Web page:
Tuesday, April 30, 2013

Sheila is so very Sorry

Sheila, when you sent me that e-mail, the one where you told me in a scolding manner that you would not be in class today because you had been up late completing the essay assignment that was due today, you said after working that hard, you simply had no energy at all for class or for anything else.  None.  Your tone implied that it was all my fault.

I could care less, really, Sheila, if you make it to class or not.  I'm sorry to say it.  I suppose if I were a better professor, I'd care or something.  But I don't.  I also don't care that you are trying to blame me.  Whatever.  That's what students like you do.

But, I do care about my doing "right" by you.  For some reason I care about that.  So my knee jerk reaction to just ignore your e-mail did not sit right with me.  I deleted it, and was just going to ignore it.  But a crazy little bird, maybe it was a duck, would not just shut the fuck up in my head.

So I sent you an e-mail back, reminding you of the conversation we had just last week about how you wanted to do anything, anything, have sex with me, sell your soul, kill a duck, anything at all, to pass this class.  I reminded you of how close a thing it was going to be, and that every little bit counts.  I told you I was going to be giving out the last essay assignment in the class you said you would be missing, and answering questions about it, storyboarding it for the class.  All the ridiculous things I do to make it very clear what I am looking for in an essay assignment.  So I told you I thought, really that you should drag your ass into class so you would not miss all this great stuff.  I reminded you that if you miss that class, all you get is a stinking handout that you have to actually READ and then ask me specific questions about.  I reminded you of how much you hate that.

You replied that yes, of course, you wanted to pass, and that you WOULD drag your ass into class.

When you did not show up (and that makes your essay late as well, I also told you in that e-mail that you should e-mail me your essay by the start of class, properly formatted as a word document blah blah blah, to avoid getting that late penalty) I was not surprised.  I was not upset.  I was not disappointed.  I really did not care. 

So when you came a few hours later to my office, and wanted to apologize profusely, I told you not to worry about it.  I was not upset at all.  I understand that after you sent that e-mail, you fell asleep and just slept right through that alarm clock of yours.  I do.  In fact, I honestly did not miss you one little bit.

You got more and more intense in your "I'm so sorry"s as you went along.  I was trying to get you to stop apologizing, but you had such a hard time.  You seemed to want me to forgive you.

There was nothing for me to forgive sweetheart.  I wanted to avoid the trite "it is yourself you let down, not me" but in the end, I said it.  That made you apologize all the more.  You wanted to get down on your knees, Sheila.  Ouch.  Please.  Never make that offer.  What were you thinking?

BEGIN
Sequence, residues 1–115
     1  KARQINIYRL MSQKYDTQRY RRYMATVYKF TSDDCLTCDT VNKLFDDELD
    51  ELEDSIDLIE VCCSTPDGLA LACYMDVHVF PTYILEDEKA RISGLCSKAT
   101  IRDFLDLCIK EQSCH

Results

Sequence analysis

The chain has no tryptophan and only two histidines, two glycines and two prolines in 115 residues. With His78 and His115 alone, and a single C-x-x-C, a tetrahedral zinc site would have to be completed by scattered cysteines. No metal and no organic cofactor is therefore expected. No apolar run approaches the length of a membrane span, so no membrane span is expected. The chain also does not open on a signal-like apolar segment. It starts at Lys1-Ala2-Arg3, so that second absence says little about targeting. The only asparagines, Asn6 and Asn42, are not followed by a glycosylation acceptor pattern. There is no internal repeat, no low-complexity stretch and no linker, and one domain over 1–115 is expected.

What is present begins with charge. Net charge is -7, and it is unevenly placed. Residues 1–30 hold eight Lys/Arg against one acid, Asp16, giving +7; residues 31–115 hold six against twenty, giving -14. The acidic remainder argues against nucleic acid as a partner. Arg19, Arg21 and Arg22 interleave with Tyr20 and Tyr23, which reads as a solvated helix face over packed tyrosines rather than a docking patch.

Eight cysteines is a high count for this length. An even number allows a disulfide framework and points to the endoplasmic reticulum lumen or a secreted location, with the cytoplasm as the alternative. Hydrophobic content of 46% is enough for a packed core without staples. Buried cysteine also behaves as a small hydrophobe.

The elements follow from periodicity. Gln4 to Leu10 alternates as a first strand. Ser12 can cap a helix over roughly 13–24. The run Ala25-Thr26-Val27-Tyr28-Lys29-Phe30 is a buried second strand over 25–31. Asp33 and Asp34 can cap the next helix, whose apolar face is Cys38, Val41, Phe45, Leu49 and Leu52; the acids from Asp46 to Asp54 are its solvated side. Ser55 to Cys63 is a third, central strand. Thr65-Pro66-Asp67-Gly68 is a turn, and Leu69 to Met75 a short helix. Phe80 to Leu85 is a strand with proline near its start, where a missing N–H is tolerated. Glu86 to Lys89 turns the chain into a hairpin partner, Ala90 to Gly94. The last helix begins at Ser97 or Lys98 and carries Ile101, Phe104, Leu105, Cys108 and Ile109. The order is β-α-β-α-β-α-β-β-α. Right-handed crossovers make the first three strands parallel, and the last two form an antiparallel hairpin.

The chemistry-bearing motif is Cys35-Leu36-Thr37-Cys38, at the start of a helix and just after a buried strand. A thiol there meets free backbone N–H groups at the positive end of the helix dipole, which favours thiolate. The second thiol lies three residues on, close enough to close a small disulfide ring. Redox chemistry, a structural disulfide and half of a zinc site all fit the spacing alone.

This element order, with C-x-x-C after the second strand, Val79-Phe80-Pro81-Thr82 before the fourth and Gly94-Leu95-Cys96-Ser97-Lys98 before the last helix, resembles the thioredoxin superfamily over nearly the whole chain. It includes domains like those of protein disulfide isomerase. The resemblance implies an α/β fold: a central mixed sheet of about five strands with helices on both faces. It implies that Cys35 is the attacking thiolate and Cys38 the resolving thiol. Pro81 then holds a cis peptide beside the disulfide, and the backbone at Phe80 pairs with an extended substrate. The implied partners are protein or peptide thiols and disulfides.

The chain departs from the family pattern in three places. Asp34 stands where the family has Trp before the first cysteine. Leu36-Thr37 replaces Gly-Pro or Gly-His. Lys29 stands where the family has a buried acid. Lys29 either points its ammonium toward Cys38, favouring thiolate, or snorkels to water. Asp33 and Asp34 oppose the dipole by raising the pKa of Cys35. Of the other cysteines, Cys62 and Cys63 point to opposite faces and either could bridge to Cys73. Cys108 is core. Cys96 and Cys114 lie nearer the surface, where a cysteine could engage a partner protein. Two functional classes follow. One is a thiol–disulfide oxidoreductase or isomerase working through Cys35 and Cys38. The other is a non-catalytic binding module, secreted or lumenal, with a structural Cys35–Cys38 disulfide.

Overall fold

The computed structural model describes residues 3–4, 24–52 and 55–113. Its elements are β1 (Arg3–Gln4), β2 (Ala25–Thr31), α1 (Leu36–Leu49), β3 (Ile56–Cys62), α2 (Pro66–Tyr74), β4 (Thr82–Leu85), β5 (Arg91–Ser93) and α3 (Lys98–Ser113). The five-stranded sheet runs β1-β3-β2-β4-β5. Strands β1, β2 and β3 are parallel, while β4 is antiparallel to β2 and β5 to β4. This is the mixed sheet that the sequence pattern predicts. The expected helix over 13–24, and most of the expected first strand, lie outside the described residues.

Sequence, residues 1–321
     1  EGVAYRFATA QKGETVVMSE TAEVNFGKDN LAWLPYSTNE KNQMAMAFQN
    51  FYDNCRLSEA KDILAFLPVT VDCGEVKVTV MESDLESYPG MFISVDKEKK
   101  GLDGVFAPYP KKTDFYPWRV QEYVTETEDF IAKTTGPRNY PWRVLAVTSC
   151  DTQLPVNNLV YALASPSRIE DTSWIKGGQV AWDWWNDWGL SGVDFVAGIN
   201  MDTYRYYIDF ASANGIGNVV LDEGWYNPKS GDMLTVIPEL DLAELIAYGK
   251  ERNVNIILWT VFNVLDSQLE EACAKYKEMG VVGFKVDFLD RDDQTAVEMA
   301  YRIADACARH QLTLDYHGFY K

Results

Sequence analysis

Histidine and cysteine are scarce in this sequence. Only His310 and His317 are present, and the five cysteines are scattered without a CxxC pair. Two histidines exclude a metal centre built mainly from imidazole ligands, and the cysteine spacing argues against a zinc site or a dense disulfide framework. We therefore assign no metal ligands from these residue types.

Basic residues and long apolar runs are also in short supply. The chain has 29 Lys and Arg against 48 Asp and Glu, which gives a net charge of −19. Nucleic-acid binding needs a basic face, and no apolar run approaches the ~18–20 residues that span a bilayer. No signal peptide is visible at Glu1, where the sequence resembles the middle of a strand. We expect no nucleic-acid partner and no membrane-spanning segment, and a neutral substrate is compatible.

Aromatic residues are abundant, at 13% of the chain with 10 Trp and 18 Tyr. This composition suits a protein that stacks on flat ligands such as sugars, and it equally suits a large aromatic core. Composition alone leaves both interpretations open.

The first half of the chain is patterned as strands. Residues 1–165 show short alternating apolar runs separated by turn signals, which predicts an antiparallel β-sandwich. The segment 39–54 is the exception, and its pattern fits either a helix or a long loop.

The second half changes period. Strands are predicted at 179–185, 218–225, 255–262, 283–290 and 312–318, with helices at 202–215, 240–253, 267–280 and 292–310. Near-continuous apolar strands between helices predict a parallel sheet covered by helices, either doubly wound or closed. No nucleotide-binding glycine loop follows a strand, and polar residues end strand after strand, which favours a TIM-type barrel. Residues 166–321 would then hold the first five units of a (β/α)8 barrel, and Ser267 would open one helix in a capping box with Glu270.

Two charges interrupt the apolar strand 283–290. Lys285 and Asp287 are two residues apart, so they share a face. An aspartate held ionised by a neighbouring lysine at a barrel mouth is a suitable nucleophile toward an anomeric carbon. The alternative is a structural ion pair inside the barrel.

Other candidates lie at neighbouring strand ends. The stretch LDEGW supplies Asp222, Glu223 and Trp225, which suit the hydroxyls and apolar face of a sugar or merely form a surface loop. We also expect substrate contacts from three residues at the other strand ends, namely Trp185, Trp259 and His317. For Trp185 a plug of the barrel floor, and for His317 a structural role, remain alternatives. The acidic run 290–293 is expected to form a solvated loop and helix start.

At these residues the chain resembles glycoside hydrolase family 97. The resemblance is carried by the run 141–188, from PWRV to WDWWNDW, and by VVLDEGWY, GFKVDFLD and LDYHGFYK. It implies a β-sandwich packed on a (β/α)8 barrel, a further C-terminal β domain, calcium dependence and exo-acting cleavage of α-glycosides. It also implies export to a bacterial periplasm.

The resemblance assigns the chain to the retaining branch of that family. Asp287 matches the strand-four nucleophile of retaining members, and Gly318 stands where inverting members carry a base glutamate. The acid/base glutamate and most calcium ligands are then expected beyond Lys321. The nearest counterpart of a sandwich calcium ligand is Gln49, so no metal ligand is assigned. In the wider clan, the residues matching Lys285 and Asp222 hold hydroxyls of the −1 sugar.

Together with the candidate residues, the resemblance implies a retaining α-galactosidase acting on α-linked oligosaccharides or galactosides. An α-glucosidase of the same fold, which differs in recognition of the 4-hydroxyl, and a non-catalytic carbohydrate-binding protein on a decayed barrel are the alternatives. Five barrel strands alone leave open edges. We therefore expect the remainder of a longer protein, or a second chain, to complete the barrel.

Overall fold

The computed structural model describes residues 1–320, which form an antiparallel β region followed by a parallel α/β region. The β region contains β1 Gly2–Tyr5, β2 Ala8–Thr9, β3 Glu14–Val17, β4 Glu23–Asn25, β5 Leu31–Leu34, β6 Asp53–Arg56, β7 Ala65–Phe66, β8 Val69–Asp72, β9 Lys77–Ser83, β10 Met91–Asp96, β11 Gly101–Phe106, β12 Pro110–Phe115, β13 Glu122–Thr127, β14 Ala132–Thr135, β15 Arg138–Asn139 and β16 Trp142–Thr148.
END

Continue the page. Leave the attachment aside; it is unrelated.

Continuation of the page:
1. 99% of the time, when a student says "I'm sorry," what that means is "Since I'm sorry, you shouldn't penalize me." They believe that being sorry should translate into some sort of mathematical atonement.


  2. Stella is so right. And so as a parent, I spend a lot of time saying, "Thank you for apologizing; of course I forgive and love you. But the consequences stand."

    1. Tough love, in other words. And for some of them, this is the first time they're getting it.

  3. My students never apologize for anything. I can't decide if that's better or worse.

  4. I tell them not to. I tell them their success or failure is a matter for their own concern, not mine. I tell them that pass or fail, there will be a new class next semester. I tell them to please not share their trials and tribulations with me, because I don't care whether they didn't show up because they were sick or because they got into a really intense game of frisbee.

    They still give me excuses. They will not stop.

  5. It took me a while to get used to my students here actually apologizing to me for bad grades. Like somehow they've failed me. My partner assures me it's part of the culture, and I've learned that the apology alone doesn't make them a grade-grubber.

    Indeed, the grade-grubbers never apologize.

    1. This is closer to my experience. Admittedly, their apologies always come with a little ring of hope that maybe I'll let them off the hook just the once? But we're not asking for it? But we're sorry?

      The question marks are implied, but they're only question marks, and not the reason for the apology. Rather, they have been raised in a culture where failure is not acceptable, and so need absolution that we cannot grant.

  6. They all do the things they do because they work. At least that's my experience.

    After having published the final exam date on the syllabus, LMS, through email, and on the whiteboard for weeks, a student emailed me 2 days late.

    He was confused. I hadn't been clear enough. He knew, just knew, that he was not alone, and when was the makeup going to be for people who were so baffled by my lousy instructions.

    It gave me considerable pleasure to look him up and realize that he would have needed 130 points out of 100 on the final to pass my class.

    But he had to try, I mean, HAD to try, because he's done it somewhere else before, and someone has bought it.


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